In every man’s mind, lies the dream to be independent and be able to provide a descent livelihood for those that depend on him… a dream that has caused men to dig deeper into volumes of books to gain knowledge and insight needed for survival…a dream, that if realized will change the course and face of Africa……..Unfortunately to some, this dream will be just that: a dream.


Mr. Julius Owele is a married, hardworking man with four children; in pursuit of his family’s needs, Owele works for eight hours daily at an industrial plant located at the outskirts of Nairobi as a clerk. It is interesting to note that despite working with pledged allegiance for nine years in the plant, Mr. Owele has never risen past the clerical echelon. Year in year out other workers employed after him get promotions while he still waits for his recognition.


According to his employer, Owele’s plight lies in his level of education, low grades and thus lack of “proper certificates”. This hardworking man is not oblivious of this fact; he knows he has to go back to school if he is to gain more insight in regards to his career and consequently get a promotion. However, there are many impediments to his wishes.


His many attempts to join universities in Kenya are met with “your grades are low” and therefore we cannot admit you. He has tried but only managed to get a university in USA which required that he travels to US. This presented another tough problem since he cannot leave his family behind and his employer will not allow this.


Julius is left with the option of joining young and fresh high school graduates who are the age of his first born. This option from a local university would make him sit in class with children the age of his own and struggle with bridging Mathematics which he knows he can never pass.

The more distressing fact is that Julius Owele is not alone in his dilemma. His story is just a reflection of the thousands of adults who want to go back to school but are deterred by policies and norms of the present educational systems around Africa.

Rationale for Experiential Accreditation, Learning and Credit Transfer

This was also the case of James Osore who had managed grade C- in O level examinations in Kenya and could not access university education since the minimum grade for university admission is C+.  James is a gifted man who has struggled from being a herdsman, messenger, supervisor in a a clearing and forwarding company which was owned by his boss. When the boss retired to Yemen, he was left part of the company with “other experts” who had bought shares in the company. The boss had no children to inherit and so gave part of the shares to the loyal James who had been with him for 18 years! The experts were only interested in sharing out the proceeds of the company and  within 8 months they had shared the company and left James with only his share.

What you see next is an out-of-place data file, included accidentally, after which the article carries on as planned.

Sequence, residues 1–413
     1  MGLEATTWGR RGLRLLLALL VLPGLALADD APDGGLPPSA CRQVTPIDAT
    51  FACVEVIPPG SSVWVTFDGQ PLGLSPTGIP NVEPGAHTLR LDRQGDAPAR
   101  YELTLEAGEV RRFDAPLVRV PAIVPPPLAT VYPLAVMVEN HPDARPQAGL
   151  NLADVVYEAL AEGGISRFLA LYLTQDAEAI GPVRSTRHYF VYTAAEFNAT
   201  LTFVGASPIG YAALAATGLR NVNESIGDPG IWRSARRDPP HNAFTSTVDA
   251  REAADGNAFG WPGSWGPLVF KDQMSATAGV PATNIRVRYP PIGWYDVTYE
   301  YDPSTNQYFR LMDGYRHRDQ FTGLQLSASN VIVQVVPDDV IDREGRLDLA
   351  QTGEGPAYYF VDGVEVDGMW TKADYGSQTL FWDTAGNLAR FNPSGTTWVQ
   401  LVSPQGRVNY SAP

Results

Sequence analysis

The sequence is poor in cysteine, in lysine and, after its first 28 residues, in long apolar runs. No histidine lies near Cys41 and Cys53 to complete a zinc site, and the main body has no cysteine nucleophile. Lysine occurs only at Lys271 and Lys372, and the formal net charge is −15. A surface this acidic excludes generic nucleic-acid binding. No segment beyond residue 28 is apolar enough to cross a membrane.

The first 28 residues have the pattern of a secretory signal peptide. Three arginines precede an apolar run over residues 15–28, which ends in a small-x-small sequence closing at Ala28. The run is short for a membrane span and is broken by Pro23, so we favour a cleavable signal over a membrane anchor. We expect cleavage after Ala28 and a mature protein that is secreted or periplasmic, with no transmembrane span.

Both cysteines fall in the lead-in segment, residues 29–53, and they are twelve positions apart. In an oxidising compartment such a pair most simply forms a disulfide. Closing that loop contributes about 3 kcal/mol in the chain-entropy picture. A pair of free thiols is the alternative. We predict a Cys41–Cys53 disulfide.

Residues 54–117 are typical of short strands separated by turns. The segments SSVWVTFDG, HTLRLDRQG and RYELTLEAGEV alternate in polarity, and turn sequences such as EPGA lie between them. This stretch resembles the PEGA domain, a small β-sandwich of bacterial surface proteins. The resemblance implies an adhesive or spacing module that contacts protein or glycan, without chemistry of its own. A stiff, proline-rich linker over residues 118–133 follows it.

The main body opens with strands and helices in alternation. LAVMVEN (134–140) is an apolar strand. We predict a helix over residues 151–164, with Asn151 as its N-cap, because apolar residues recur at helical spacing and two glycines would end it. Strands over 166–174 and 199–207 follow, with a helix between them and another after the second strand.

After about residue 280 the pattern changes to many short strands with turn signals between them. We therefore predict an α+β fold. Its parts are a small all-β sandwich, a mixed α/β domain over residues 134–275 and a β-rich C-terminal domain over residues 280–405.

Convinced he could revive the company, James worked hard, from his life and work experiences with the boss and turned the company to be one of the biggest in East Africa. He has employed several graduates and manages the company as the CEO. However, he wishes to get recognition and climb the academic ladder by obtaining a bachelors degree.


That is when he also realized that his grade cannot allow him to access degree level programmes. Desperate for a university degree, Osore used a typewriter to change the C- to C+ and sought admission to a public university. After two semesters, and having passed well, someone discovered that he had faked his grades. Of course, he was rudely kicked out of the university.


You must have heard it, adults beyond 70 years of age have been yearning to have education. In Kenya for example, a 75-year old hit the world news for joining Primary School with his great grand children. He was made to wear school uniform and sit with the children. He struggled for 4 years before passing on. Maybe he encouraged the young ones and gained international fame, but did he meet his objectives? Did he have to undergo through this as an adult seeking education?


The big question therefore is: Is there hope for those adults with vast work experience, in need for a second chance in education or will their dreams be forever sacrificed at the altar of rigid educational policies and structures?


This is where Adult Experiential Learning comes in. Adults do need a means of study that befits their age, obligations, ambitions and in environments that understand them